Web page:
In the world of movies, screenwriters have one of the toughest jobs in creating a script and storyline that both fans of the franchise they’re writing for will be into, as well as the big bosses pumping their cash into the film. Every year, some of the biggest names in the business gather at the Writers Guild of America Beyond Words panel. The most recent took place earlier this week.
Whilst at the event, screenwriters including Damien Chazelle (La La Land), Allison Schroeder and Theodore Melfi (Hidden Figures) shared some of the worst notes they’ve ever received from studio executives. Find out more from their revealing admissions below:
Damien Chazelle (La La Land): “It was on Whiplash, it ends with a kind of long drum solo, which was the whole point of making the movie. And the note was to get rid of all that. The note was written out – ‘He’s good at drumming. We get it.’”
Allison Schroeder (Hidden Figures): “I was really excited, I was pitching this thriller with two female leads, about espionage. [The exec] said, ‘Oh! We love it! It’s great. Can you either change it to incest or two men?’ I said, ‘If you’ll really hire me? Yes.’”
Theodore Melfi (Hidden Figures): “Most of the notes you get are from actors. They’re bad. This one studio [Fox Searchlight] person said, ‘Do we have to have so much math?’ So I pretended to be interested but, no, it’s about math. And then Kevin Costner calls me one night and says, ‘I’ve been thinking about a receding hairline.’ I said, ‘OK. Why?’ He said, ‘I just think this guy would have a receding hairline.’ And so I call the studio because I love to torture them, and said, ‘Kevin Costner wants a receding hairline,’ and they flip out, saying ‘We want Kevin Costner just the way he is!’ So I went back to Kevin and said everyone at the studio thinks it will make you look old. He went, ‘Oh. Can I chew gum?’”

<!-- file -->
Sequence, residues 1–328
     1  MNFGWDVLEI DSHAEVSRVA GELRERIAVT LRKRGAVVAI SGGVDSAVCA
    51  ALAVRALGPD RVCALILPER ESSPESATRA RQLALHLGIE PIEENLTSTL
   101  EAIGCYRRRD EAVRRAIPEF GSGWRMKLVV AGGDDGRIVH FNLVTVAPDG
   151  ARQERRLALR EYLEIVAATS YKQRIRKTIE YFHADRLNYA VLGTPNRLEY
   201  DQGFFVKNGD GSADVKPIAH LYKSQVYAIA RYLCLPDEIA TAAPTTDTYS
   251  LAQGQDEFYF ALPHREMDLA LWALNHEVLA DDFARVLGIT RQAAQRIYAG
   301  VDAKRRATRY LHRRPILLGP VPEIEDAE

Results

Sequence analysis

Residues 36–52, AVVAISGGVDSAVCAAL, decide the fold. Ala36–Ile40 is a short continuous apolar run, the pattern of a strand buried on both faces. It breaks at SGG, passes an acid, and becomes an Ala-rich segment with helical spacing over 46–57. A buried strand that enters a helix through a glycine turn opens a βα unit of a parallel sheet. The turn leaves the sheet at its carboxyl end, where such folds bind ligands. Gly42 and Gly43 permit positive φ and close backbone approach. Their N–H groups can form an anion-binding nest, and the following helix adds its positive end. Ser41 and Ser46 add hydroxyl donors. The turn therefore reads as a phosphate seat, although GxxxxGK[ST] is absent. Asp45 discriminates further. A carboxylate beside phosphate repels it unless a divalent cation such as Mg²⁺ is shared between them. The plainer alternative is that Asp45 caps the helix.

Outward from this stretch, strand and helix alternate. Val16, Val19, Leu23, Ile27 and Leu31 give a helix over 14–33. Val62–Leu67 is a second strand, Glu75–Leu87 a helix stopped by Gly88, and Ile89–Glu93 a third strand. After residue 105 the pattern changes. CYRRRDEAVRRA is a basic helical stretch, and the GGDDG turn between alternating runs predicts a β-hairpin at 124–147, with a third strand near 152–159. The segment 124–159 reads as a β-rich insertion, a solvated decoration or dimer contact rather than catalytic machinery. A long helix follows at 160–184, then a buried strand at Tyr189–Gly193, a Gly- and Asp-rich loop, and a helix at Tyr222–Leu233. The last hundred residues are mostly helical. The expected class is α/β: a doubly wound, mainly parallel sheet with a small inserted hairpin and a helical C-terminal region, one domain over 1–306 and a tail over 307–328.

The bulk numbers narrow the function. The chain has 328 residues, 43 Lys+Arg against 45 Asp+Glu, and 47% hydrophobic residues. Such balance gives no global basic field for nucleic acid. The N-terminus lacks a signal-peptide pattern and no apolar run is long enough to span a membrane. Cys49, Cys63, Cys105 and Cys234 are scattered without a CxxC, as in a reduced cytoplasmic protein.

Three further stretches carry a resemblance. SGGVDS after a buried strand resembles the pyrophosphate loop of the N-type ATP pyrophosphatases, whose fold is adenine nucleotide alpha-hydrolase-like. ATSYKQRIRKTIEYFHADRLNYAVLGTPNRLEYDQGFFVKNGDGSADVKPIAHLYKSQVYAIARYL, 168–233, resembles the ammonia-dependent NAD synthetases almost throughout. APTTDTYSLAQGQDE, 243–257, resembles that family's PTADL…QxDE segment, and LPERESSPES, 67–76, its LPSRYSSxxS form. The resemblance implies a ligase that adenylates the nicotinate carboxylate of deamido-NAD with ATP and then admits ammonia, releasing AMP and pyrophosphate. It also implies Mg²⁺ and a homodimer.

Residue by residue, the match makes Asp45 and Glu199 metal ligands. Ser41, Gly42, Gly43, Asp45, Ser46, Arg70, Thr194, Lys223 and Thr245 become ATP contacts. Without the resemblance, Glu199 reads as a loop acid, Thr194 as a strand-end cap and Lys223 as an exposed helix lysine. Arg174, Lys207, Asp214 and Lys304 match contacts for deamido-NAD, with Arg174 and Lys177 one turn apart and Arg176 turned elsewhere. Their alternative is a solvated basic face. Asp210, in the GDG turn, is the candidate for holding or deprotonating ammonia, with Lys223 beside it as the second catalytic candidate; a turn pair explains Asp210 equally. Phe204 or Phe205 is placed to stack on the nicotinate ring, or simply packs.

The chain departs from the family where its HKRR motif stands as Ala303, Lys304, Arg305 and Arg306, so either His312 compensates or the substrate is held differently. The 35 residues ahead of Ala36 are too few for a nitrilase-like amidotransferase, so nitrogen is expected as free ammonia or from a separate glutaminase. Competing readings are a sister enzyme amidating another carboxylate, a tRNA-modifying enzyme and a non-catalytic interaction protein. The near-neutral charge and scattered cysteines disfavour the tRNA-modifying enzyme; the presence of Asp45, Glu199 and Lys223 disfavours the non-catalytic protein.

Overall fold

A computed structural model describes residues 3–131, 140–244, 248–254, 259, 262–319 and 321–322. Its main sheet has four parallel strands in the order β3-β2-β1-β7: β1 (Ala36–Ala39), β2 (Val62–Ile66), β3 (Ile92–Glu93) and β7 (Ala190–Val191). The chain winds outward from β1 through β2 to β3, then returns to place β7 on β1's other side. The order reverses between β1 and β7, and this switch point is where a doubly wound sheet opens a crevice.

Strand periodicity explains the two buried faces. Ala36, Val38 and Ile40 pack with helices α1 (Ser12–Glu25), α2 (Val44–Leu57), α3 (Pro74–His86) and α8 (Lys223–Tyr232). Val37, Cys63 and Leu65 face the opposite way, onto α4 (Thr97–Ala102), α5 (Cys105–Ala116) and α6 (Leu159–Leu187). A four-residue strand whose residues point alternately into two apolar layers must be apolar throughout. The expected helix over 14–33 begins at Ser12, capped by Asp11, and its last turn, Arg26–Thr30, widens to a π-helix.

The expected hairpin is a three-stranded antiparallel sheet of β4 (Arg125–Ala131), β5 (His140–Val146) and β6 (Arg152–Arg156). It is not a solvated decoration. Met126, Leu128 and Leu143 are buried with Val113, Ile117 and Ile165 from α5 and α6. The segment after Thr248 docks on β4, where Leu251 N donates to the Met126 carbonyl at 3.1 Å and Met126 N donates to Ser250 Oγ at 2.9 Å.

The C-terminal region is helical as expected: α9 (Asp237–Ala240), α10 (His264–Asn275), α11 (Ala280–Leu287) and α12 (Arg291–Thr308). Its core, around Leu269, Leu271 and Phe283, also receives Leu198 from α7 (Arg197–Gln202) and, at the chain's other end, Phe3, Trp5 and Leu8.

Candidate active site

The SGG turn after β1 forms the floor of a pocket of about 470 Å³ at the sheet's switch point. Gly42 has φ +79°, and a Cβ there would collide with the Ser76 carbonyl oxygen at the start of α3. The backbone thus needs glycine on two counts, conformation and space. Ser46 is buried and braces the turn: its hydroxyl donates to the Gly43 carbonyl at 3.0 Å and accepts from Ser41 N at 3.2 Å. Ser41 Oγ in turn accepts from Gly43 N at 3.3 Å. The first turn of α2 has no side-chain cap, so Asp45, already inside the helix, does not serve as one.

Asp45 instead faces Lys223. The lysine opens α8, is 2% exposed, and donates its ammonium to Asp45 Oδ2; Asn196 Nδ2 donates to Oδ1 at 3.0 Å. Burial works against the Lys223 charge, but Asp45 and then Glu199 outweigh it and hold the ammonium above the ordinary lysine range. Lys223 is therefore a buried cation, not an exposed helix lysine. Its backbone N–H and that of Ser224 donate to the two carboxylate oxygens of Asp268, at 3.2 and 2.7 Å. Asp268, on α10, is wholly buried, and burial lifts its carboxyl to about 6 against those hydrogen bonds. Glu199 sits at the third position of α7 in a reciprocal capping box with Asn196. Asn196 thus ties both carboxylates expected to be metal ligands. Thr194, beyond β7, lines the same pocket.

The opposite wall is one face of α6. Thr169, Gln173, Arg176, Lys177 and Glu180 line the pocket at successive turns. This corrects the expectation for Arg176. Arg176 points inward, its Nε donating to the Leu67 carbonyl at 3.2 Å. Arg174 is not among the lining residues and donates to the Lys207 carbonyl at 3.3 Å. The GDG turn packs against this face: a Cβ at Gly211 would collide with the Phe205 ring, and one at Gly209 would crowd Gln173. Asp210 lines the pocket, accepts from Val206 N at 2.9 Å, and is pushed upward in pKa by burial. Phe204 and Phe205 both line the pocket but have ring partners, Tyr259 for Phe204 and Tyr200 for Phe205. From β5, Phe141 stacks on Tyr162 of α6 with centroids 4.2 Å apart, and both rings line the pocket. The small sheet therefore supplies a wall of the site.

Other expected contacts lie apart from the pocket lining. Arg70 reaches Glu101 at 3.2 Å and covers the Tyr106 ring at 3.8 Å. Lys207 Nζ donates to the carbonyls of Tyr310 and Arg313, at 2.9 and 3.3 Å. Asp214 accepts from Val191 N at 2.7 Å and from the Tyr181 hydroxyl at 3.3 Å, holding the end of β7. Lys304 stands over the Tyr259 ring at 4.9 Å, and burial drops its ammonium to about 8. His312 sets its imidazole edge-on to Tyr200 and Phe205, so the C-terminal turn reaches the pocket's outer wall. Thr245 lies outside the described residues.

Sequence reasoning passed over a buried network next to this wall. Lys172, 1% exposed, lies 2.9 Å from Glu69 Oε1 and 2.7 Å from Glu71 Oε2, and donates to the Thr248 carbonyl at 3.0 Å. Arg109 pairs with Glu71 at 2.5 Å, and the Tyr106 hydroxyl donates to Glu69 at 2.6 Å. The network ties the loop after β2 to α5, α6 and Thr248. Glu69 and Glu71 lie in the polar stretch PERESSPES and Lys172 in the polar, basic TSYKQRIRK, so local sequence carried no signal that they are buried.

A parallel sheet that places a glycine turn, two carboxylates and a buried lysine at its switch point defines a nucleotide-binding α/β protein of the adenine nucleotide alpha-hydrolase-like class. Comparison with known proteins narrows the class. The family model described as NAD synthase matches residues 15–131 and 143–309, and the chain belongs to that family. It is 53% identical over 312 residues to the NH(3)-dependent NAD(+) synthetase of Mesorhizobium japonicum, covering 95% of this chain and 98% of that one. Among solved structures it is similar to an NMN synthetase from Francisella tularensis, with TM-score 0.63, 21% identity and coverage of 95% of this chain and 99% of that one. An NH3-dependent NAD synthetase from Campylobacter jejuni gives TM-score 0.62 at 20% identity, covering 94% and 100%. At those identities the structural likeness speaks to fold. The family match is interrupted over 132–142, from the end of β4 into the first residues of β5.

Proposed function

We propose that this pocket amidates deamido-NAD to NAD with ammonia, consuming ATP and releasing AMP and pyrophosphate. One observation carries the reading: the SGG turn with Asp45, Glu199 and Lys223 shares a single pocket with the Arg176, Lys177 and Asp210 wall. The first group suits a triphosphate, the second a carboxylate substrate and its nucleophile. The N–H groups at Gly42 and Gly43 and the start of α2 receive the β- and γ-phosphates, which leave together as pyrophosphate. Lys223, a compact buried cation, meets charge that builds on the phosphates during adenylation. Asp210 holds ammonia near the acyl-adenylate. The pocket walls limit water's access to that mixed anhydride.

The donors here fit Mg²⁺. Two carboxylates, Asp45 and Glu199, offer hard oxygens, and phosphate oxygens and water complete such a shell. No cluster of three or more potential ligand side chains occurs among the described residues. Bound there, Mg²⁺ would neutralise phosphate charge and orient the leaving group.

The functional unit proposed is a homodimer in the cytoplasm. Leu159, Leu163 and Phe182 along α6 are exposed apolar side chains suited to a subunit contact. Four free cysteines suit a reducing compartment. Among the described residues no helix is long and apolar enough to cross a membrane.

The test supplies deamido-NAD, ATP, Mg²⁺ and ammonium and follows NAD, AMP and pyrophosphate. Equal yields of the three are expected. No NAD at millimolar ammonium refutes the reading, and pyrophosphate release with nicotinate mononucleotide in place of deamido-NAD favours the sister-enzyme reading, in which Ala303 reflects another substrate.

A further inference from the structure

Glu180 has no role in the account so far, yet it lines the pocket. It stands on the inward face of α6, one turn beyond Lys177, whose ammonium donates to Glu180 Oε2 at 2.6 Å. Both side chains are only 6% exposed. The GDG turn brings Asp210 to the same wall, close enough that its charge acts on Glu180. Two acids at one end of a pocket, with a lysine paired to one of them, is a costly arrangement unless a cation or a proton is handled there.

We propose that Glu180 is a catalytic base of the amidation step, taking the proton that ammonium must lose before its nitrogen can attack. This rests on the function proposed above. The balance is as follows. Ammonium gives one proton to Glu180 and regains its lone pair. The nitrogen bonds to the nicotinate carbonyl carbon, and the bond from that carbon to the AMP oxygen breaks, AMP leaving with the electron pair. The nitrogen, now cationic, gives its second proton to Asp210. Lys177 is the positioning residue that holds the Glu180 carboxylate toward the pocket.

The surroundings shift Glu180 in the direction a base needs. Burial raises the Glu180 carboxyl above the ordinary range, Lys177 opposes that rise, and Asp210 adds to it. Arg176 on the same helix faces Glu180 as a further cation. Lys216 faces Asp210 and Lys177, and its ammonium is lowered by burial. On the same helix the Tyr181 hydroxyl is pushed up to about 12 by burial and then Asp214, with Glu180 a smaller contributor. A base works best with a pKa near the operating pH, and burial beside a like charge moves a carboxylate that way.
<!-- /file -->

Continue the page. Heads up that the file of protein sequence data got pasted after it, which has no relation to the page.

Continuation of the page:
Rhett Reese and Paul Wernick (Deadpool): “We wrote a parody of The Sopranos called The Tomatoes. It was all fruits and vegetables in the leads. It was the Tomatoes vs. The Bananas. The note came back, ‘We love it, but do they have to be fruits and vegetables?”
Kenneth Lonergan (Manchester by the Sea): “I’m trying to think of a really bad note that I’ve gotten, but for the past 20 years when executives give me notes I go into a kind of self-induced hypnotic trance in which I just nod and say… ‘Oh that’s interesting.’ I pitched a comedy once and someone said, ‘Where’s the fun?’ I said I didn’t know.”
Barry Jenkins (Moonlight): “So, where are the white people?”
Eric Heisserer (Arrival): “It was the start of a pitch, I said ‘There’s a spy and his wife.’ The executive said, ‘There is no wife. Continue.’”
Taylor Sheridan (Hell or High Water): “It just starts to sound like the teacher from the Peanuts cartoon. I was in a meeting, I wrote this pilot for AMC, and we’re all sitting there and they’re giving me all their notes and I’m listening and at one point I say, ‘What the f— are you people talking about?’ And they said, ‘Taylor, you have to look for the note within the note.’ I said, ‘OK, but why don’t you just give me the note?’ They looked at me dead seriously and said, ‘Well we don’t know what the note is.’”
Todd Black (Fences): “We made a Western called The Magnificent Seven [with Sony Pictures]. And the biggest note in development and shooting it was, ‘Do they have to wear cowboy hats and have facial hair?’ And I said, ‘Do you not want them not to have horses either?’ That was a huge note on a daily basis.”
Imagine a world where Damien Chazelle’s first feature Whiplash was without its iconic and climactic drum solo or a Western from Todd Black where the leads were hairless Ken Doll types. It’s funny to hear how misunderstood some of these projects were by the studio execs funding them, but also a little scary. It’s deflating to think about the repercussions studio executive notes may have had on movies that were destined for greatness, but were released only to fall flat.
Looking at some of the most expensive movies that failed makes it easy to wonder what went on behind-the-scenes that may have led to their demise. With talented headliners, Oscar-nominated screenwriters and flashy special effects, perhaps studio execs need to start looking at themselves when they wonder why things didn’t come together in the end.
Source: The Wrap